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May is Mental Health Awareness Month. Would You Know When You’ve Gone Too Far?

Mental health is essential to everyone’s overall health and well-being, and mental illnesses are common and treatable. But people experience symptoms of mental illnesses differently—and some engage in potentially dangerous or risky behaviors to avoid or cover up symptoms of a potential mental health problem.

Sometimes people—especially young people—struggling with mental health concerns develop habits and behaviors that increase the risk of developing or exacerbating mental illnesses, or could be signs of mental health problems themselves.

Activities like compulsive sex, recreational drug use, obsessive internet use, excessive spending, or disordered exercise patterns can all be behaviors that can disrupt someone’s mental health and potentially lead them down a path towards crisis.

This May is Mental Health Month; the Trumbull County Mental Health and Recovery Board  (TCMHRB) is raising awareness of Risky Business (#riskybusiness). The campaign is meant to educate and inform individuals dealing with a mental health concern understand that some behaviors and habits can be detrimental to recovery—or even mask a deeper issue—but that seeking help is nothing to be ashamed of.

Take the interactive quiz at www.mentalhealthamerica.net/whatstoofar and tell us when you think behaviors or habits go from being acceptable to unhealthy.

TCMHRB wants everyone to know that mental illnesses are real, that recovery is always the goal, and that even if you or someone you love are engaging in risky behavior, there is help. It is important to understand early symptoms of mental illness and know when certain behaviors are potentially signs of something more.

We need to speak up early and educate people about risky behavior and its connection to mental illness—and do so in a compassionate, judgement-free way.

When we engage in prevention and early identification, we can help reduce the burden of mental illness by identifying symptoms and warning signs early—and provide effective treatment Before Stage 4.

So, let’s talk about what is and is not risky business. Let’s understand where it’s important to draw the line, so that we can address mental illness B4Stage4, and help others on the road to recovery. For more information, visit www.mentalhealthamerica.net/may.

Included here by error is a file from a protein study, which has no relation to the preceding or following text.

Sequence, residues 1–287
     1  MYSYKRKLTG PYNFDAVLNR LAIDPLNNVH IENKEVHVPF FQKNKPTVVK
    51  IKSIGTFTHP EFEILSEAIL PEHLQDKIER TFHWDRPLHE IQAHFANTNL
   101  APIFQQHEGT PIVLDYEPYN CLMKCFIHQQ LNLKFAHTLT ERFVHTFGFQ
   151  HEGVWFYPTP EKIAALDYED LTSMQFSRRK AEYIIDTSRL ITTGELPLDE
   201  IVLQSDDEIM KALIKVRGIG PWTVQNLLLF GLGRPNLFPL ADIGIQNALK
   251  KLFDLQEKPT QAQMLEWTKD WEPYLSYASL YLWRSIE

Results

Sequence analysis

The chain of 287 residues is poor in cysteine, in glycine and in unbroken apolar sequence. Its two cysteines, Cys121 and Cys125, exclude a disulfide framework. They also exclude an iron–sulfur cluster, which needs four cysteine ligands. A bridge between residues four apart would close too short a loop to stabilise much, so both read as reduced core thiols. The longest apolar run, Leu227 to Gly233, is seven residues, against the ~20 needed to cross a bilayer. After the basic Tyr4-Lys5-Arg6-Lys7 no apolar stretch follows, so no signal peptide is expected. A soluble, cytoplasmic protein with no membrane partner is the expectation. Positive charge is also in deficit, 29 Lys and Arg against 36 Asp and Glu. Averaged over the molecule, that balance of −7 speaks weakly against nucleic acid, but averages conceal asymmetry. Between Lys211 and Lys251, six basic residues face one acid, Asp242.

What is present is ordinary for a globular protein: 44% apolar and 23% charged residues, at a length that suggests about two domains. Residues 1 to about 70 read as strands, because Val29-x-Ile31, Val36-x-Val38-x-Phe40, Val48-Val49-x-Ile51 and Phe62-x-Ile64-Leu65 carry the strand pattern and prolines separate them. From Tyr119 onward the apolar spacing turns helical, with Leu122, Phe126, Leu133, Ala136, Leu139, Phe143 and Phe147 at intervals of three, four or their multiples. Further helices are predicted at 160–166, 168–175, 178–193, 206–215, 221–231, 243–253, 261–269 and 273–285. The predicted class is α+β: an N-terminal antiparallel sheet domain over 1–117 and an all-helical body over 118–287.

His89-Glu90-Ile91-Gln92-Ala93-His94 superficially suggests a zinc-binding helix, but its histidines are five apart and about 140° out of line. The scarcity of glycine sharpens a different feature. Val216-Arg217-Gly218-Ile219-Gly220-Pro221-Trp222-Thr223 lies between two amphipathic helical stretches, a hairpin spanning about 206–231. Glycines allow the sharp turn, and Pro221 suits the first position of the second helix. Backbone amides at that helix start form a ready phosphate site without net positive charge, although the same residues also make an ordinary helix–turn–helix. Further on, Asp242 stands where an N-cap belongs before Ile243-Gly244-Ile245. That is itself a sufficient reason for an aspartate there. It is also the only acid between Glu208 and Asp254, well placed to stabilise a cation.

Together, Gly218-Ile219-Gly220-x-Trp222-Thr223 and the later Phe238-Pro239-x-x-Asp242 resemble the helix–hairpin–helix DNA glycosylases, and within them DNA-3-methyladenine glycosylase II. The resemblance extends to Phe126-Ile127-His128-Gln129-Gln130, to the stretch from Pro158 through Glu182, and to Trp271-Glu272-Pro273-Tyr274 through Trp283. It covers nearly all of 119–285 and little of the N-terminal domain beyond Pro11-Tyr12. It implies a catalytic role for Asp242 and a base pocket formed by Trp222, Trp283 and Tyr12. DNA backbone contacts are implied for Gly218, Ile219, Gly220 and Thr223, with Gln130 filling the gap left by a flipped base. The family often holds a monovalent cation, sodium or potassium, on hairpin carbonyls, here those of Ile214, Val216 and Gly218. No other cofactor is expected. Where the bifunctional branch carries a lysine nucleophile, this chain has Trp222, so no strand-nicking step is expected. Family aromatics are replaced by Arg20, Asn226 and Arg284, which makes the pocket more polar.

Help is Now a Text Message Away

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Ohio is making it easier for individuals who are experiencing a stressful situation to find immediate help, 24/7 with the launch of a free, confidential, statewide Crisis Text Line. Any Ohio resident who needs help coping with a crisis can now text the keyword “4hope” to 741741 to be connected to a crisis counselor. Specialists are on stand-by to provide a personal response and information on a range of issues, including: suicidal thoughts, bullying, depression, self-harm, and more. The specialist helps the user stay safe and healthy with effective, secure support. The crisis text line is funded by the Ohio Department of Mental Health and Addiction Services and the Ohio Department of Developmental Disabilities.


The Trumbull County Mental Health and Recovery Board is accepting applications for two Board member openings.  More information about the Board and an application may be found at the Board of Directors Link.


You or someone whom you know may be:

• having serious problems at work or school
• seeing or hearing things that others do not see or hear
• having fixed beliefs not shared by others
• withdrawing from social interactions
• speaking or thinking in a disorganized way
• feeling paranoid

These are all signs that someone may be at risk for a psychotic illness.

Can Help
330.541.1732


Providing hope and help...

All of us know someone whose life has been touched by a mental health concern or substance abuse. In fact, one out of four Americans will experience a mental health concern during his or her lifetime. Mental illnesses are biologically based brain disorders. They cannot be overcome through willpower and are not related to a person's character or intelligence. They are medical conditions that disrupt a person's thinking, feeling, mood, daily functioning and ability to relate to others.

Addiction involves craving for something intensely, loss of control over its use, and continuing involvement with it despite adverse consequences. Addiction changes the brain, first by subverting the way it registers pleasure and then by corrupting other normal drives such as learning and motivation. Although breaking an addiction is tough, it can be done.  Nearly 23 million Americans—almost one in 10—are addicted to alcohol or other drugs.

Fortunately, there is hope and help for people, thanks to the Trumbull County Mental Health and Recovery Board and its partner agencies.  The Trumbull County Mental Health and Recovery Board plans, funds, monitors, and evaluates mental health and substance abuse services in Trumbull County, Ohio.  For 48 years we have ensured that a safety net of services is available for all our residents.

 


 

Stop the Judgement
Start the Healing

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Today in America:

However, there is hope...

With proper care and treatment, 70 to 90 percent of persons with mental illnesses experience a significant reduction of symptoms and an improved quality of life.


There are pharmacies currently dispensing naloxone with or without prescriptions in Trumbull County. Please see the list below.

PHARMACY NALOXONE UPDATE: TRUMBULL COUNTY